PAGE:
Rare Daily Staff

Ultragenyx Pharmaceutical said it has submitted a New Drug Application to the U.S. Food and Drug Administration for UX007 for the treatment of long-chain fatty acid oxidation disorders, a group of genetic disorders in which the body is unable to convert long-chain fatty acids into energy.

The FDA previously granted Rare Pediatric Disease Designation and Fast Track designation to the company of UX007. The designations make the submission eligible for Priority Review if relevant criteria are met. Ultragenyx expects to hear back from FDA on submission acceptance and review designation within 60 days.

“Many patients with long-chain fatty acid oxidation disorders have difficult lives with frequent hospitalizations despite the best current care, and we believe our data suggest that treatment with UX007 can reduce these major medical events over a sustained period of time,” said Camille Bedrosian, chief medical Officer of Ultragenyx.

The NDA submission is supported by a comprehensive package of data including results from a company-sponsored phase 2 study of UX007 in 29 patients, a long-term safety and efficacy extension study in 75 patients including 20 patients who were previously naïve to UX007, a retrospective medical record review of 20 original compassionate use patients, 67 patients treated through expanded access, and a randomized controlled investigator-sponsored study of 32 patients showing an effect on cardiac function.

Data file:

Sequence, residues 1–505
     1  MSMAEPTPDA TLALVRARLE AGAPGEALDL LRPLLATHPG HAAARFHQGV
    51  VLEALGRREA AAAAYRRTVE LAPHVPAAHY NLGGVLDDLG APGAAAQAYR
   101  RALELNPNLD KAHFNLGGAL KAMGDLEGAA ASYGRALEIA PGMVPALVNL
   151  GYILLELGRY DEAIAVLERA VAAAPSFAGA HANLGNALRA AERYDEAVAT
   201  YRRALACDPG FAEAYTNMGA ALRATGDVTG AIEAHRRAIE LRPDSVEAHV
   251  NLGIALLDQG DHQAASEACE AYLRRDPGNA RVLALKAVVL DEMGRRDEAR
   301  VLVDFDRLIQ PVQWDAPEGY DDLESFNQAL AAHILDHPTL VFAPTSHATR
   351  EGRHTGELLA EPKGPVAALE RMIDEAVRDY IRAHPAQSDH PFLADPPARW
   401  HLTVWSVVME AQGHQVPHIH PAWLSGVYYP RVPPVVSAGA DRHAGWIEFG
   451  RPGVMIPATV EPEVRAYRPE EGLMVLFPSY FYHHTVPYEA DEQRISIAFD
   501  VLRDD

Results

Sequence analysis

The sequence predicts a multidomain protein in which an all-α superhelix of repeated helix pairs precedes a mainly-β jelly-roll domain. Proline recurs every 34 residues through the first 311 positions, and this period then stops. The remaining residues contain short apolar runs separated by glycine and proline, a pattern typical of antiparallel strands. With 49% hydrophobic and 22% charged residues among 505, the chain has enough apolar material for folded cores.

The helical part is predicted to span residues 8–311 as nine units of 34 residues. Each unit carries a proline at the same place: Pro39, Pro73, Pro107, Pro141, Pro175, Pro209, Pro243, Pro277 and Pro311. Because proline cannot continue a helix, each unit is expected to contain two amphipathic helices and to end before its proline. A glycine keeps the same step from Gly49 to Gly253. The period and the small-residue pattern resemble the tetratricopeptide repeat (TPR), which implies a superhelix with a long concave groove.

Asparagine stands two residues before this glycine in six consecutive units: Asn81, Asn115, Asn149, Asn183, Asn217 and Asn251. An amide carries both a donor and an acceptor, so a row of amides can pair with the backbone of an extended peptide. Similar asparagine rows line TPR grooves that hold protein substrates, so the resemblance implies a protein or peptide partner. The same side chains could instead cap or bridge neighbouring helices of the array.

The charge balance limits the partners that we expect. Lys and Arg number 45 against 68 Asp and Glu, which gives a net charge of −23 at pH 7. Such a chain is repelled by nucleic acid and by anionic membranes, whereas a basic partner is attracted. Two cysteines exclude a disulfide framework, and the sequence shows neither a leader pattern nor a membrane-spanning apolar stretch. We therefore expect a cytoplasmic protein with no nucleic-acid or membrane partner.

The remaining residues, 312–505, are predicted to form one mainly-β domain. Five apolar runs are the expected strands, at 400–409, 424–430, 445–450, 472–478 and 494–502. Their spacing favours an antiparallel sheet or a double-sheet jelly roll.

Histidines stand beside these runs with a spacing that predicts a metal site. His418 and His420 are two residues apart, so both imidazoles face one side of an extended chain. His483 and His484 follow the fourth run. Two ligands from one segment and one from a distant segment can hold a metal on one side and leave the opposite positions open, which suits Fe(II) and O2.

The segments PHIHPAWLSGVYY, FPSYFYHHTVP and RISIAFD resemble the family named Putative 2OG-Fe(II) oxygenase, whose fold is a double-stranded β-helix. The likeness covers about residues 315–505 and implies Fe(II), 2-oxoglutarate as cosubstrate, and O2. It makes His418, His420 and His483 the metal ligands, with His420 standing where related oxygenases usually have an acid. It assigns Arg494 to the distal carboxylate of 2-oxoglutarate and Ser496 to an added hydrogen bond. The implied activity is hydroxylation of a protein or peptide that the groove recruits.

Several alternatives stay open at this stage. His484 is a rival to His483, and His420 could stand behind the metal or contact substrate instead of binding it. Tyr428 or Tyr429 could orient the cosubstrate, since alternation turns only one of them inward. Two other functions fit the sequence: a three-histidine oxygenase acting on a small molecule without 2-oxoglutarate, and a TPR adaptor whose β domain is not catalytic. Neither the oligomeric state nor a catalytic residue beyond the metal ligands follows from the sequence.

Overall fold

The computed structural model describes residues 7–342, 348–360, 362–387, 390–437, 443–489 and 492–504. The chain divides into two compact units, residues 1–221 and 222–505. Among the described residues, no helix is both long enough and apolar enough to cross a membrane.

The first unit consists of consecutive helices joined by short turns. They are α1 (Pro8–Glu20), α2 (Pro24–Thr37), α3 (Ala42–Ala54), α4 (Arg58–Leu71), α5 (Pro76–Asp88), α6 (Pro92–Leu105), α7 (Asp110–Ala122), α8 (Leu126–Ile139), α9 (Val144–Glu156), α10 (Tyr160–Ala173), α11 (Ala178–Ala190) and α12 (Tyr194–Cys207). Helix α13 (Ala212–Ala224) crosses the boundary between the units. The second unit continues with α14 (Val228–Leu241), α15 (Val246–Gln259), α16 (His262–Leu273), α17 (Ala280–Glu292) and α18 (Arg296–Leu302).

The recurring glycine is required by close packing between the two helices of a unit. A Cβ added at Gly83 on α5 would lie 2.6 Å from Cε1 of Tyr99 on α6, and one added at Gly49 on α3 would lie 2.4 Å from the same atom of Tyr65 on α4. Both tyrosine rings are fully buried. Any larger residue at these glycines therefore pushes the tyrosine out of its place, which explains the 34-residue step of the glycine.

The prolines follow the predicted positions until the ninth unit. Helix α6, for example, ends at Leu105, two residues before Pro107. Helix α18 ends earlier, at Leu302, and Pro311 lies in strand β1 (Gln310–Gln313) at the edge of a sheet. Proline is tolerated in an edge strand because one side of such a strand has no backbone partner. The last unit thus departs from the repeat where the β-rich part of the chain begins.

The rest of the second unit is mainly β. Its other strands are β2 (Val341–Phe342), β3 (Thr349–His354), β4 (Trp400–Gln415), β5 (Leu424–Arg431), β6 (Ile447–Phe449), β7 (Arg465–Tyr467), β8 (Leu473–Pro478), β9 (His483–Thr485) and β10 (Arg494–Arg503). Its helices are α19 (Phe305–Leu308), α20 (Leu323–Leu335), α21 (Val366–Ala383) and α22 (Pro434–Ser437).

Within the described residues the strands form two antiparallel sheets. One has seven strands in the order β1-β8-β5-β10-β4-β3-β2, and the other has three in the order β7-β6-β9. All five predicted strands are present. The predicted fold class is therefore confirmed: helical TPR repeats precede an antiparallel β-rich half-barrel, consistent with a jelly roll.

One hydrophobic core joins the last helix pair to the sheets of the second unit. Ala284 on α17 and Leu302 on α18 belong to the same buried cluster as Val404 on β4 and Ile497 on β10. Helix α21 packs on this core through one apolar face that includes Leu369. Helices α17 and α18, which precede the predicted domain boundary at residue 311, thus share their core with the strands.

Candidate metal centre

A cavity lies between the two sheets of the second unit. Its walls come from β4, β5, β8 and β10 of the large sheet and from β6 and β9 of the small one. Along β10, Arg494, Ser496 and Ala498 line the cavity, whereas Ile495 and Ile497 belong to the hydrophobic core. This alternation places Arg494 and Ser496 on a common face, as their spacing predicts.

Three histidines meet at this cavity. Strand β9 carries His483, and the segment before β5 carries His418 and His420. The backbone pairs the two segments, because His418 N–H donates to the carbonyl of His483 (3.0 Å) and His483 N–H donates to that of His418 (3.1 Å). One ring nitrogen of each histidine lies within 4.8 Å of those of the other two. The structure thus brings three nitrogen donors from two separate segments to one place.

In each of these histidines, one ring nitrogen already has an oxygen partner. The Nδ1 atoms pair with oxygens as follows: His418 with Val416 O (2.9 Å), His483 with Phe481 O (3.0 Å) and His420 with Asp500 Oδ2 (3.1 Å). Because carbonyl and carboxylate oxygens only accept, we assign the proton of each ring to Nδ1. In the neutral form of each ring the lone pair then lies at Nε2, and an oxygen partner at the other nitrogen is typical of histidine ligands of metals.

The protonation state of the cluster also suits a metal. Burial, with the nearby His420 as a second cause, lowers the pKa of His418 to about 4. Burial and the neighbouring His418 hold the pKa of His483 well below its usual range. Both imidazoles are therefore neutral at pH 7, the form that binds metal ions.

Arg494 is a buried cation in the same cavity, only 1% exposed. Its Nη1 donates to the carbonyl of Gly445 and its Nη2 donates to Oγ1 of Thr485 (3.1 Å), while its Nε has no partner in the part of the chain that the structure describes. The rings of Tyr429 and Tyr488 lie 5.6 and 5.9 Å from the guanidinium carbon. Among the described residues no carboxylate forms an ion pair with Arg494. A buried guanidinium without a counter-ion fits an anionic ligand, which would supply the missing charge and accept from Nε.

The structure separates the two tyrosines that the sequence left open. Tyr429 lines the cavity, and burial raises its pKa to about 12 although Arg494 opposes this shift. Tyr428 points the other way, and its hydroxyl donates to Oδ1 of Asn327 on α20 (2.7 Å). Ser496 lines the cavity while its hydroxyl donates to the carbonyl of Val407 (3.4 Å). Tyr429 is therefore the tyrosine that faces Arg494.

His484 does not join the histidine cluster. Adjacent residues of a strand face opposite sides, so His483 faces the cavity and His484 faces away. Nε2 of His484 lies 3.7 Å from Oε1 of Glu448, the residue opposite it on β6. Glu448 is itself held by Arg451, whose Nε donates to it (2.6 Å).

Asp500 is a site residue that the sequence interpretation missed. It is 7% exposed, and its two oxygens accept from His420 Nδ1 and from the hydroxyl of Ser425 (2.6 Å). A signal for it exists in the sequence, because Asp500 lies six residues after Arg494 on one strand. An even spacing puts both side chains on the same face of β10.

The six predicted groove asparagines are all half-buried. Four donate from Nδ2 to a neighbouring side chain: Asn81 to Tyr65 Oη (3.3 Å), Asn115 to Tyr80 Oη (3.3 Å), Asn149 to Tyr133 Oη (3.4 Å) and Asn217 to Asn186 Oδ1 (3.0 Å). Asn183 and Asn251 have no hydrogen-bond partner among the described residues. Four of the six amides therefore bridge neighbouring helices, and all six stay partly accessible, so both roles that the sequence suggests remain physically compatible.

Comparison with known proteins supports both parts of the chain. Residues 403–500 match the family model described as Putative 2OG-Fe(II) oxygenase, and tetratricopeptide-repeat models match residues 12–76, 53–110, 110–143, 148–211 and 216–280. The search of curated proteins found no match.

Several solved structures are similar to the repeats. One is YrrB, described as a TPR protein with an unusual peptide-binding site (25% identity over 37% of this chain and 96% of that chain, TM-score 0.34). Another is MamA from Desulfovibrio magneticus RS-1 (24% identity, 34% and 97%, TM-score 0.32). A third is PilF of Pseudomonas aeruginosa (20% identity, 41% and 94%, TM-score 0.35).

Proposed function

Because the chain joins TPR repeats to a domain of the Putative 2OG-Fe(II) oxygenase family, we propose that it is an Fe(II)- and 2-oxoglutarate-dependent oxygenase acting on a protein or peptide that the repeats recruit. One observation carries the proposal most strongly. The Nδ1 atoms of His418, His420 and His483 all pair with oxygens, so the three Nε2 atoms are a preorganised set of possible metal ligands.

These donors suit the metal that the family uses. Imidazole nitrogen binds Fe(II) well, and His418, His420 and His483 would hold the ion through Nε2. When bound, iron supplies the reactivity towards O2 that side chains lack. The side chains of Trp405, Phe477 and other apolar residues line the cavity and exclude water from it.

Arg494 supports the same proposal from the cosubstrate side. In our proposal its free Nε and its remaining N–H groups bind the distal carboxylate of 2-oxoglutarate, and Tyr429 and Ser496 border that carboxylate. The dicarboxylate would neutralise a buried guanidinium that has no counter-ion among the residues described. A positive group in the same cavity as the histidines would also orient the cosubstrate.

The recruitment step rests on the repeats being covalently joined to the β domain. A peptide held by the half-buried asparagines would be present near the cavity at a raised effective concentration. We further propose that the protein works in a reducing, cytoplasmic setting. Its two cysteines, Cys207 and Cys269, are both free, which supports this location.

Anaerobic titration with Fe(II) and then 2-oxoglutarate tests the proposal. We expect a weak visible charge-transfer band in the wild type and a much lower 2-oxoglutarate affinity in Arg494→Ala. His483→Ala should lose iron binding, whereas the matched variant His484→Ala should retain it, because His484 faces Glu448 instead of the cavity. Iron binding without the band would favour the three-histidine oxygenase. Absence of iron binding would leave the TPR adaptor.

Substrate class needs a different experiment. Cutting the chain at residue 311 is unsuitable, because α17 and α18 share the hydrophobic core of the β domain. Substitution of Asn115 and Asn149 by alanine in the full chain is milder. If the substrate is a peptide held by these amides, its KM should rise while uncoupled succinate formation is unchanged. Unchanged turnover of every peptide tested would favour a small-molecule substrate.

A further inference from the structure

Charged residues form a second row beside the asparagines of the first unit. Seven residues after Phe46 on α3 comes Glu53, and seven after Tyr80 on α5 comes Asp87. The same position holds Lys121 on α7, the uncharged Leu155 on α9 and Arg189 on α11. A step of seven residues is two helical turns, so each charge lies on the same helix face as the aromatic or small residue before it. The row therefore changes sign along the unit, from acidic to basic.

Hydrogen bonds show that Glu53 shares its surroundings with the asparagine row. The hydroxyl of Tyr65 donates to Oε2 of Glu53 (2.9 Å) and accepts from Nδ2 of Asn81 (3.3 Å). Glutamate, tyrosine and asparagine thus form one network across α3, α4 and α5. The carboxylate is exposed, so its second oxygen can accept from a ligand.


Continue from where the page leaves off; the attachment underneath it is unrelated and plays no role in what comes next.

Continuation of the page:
Long-chain fatty acid oxidation disorders (LC-FAOD) are a group of autosomal recessive genetic disorders in which the body is unable to convert long-chain fatty acids into energy. This inability can lead to severe depletion of glucose in the body, causing patients to experience acute metabolic crises during times of increased energy demand, such as common infections or moderate exercise.

These metabolic crises may manifest as serious liver, muscle and heart disease, and can lead to hospitalizations or early death. LC-FAOD are included in newborn screening panels in the United States and in certain European countries. Patients with LC-FAOD are currently managed through diet, but many patients still have significant metabolic events including hospitalizations and mortality due to LC-FAOD.

UX007, or triheptanoin, is a highly purified, pharmaceutical-grade, medium-chain triglyceride that directly addresses the deficiencies in LC-FAOD by providing patients with an alternative energy source that can be metabolized to increase intermediate substrates in the Krebs cycle, a key energy-generating process. Unlike typical even-chain fatty acids, one of the Krebs cycle intermediates generated specifically by UX007 also can be converted to new glucose, potentially providing an important added therapeutic effect, particularly when glucose levels are too low.

Photo: Camille Bedrosian, chief medical Officer of Ultragenyx

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